FDA records link 28 deaths in 2008 to the Gardasil vaccine

Flesh and Stone

By Kathlyn Stone

July 26, 2009

Records obtained by Judicial Watch under the Freedom of Information Act show 47 deaths and thousands of serious adverse events associated with Gardasil.

Last year, clinic staff and family members told the Food and Drug Administration (FDA) that the Gardasil vaccine was responsible for 28 deaths of girls and young women.

The deaths included several girls ages 11 and 12 who had no existing medical conditions prior to receiving the vaccine. In some cases, the girls died within three days of receiving one shot of the vaccine. Others died following their third Gardasil injection. Several died in their sleep.

Gardasil is a vaccine marketed by the pharmaceutical company Merck and recommended by U.S. public health authorities for the prevention of human papillomavirus (HPV) in girls and young women. HPV is the leading cause of cervical cancer in women.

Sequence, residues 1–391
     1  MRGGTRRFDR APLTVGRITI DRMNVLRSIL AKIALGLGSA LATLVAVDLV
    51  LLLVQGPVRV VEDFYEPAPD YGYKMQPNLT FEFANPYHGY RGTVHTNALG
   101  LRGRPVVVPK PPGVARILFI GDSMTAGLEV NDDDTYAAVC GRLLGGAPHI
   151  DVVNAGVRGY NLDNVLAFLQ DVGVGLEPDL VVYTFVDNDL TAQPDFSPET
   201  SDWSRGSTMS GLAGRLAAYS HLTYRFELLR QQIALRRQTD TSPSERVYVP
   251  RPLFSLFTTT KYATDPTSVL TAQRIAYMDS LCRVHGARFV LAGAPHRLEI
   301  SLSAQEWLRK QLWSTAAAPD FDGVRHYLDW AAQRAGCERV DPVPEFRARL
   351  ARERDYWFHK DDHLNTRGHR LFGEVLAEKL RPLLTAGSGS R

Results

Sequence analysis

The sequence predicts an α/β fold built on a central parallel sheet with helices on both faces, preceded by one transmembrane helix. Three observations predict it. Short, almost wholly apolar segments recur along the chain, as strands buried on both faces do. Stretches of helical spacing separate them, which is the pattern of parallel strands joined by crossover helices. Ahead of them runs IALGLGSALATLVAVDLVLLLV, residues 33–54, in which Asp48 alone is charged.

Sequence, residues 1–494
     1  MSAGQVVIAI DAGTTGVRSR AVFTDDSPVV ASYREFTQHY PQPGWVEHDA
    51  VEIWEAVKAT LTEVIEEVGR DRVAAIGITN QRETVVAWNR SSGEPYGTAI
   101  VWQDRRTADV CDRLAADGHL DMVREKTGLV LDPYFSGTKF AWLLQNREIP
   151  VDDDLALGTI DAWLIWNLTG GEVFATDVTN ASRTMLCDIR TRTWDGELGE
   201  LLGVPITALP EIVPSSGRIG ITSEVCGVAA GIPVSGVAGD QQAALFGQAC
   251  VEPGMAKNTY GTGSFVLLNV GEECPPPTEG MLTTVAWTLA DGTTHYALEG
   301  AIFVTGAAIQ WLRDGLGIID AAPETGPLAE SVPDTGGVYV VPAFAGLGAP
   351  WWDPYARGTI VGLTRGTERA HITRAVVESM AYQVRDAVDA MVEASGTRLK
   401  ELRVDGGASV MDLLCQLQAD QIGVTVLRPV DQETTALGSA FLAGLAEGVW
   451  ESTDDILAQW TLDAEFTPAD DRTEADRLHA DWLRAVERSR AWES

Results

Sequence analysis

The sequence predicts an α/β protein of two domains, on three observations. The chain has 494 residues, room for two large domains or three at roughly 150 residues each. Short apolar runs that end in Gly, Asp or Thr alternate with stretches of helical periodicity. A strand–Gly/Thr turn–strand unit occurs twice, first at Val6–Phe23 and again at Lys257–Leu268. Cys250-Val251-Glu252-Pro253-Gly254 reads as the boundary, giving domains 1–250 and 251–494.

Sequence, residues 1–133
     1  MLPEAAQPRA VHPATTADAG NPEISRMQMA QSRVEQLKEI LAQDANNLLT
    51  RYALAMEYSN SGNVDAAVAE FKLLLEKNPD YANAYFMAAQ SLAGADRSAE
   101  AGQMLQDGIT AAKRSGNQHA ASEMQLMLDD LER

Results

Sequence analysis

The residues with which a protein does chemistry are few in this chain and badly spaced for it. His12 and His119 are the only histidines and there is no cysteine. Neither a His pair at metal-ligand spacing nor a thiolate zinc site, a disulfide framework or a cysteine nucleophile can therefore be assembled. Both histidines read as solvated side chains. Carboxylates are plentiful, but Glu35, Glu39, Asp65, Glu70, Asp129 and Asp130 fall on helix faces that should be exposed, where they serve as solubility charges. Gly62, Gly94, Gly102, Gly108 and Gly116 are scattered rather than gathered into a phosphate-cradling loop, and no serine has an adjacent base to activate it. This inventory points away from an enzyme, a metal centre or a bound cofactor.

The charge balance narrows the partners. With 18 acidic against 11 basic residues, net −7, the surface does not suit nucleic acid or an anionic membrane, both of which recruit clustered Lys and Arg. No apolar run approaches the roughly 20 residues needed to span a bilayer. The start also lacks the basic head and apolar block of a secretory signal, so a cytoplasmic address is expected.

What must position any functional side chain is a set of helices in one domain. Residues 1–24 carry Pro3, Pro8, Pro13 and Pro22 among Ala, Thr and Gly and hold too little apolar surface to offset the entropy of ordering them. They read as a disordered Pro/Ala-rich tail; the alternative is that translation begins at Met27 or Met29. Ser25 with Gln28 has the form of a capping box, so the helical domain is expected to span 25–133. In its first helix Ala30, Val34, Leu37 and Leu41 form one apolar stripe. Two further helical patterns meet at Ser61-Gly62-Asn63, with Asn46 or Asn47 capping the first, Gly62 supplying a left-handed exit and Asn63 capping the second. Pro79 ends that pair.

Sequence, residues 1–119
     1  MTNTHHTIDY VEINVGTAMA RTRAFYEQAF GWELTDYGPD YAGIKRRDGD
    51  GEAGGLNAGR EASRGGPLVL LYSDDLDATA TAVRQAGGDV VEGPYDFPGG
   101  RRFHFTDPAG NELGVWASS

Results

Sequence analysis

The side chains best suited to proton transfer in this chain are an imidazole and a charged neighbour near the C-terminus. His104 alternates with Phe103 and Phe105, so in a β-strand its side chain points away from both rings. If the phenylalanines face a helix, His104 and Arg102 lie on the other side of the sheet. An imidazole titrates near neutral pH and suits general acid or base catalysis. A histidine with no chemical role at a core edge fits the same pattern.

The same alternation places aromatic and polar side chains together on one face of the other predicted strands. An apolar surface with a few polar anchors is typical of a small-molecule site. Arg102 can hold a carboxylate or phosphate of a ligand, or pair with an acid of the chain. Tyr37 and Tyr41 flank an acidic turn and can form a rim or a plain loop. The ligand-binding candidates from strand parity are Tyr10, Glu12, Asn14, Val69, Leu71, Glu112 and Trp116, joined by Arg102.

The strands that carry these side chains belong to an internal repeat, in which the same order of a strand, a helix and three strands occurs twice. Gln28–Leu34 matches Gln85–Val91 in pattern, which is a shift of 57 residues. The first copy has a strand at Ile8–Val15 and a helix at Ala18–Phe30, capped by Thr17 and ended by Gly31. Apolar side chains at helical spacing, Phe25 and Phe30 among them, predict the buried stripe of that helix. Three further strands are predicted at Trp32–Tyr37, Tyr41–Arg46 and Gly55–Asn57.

Gardasil has been implicated in 47 deaths since gaining FDA approval in 2006, according to data voluntarily submitted to the FDA by physicians, hospital staff and family members.

FDA records also show 6,723 “adverse events” were reported following Gardasil vaccinations in 2008, ranging from genital and facial warts and permanent disability to cervical cancer and Guillain-Barre Syndrome.

Of the total 47 reported deaths, 41 occurred within a month of receiving the vaccine.

The FDA’s Vaccine Adverse Event Reporting System (VAERS) records, a voluntary reporting system, were obtained under the Freedom of Information Act by Judicial Watch, a government watchdog group.

The following are several “adverse events” documented in the FDA records:



Author: Leslie Carol Botha

Author, publisher, radio talk show host and internationally recognized expert on women's hormone cycles. Social/political activist on Gardasil the HPV vaccine for adolescent girls. Co-author of "Understanding Your Mood, Mind and Hormone Cycle." Honorary advisory board member for the Foundation for the Study of Cycles and member of the Society for Menstrual Cycle Research.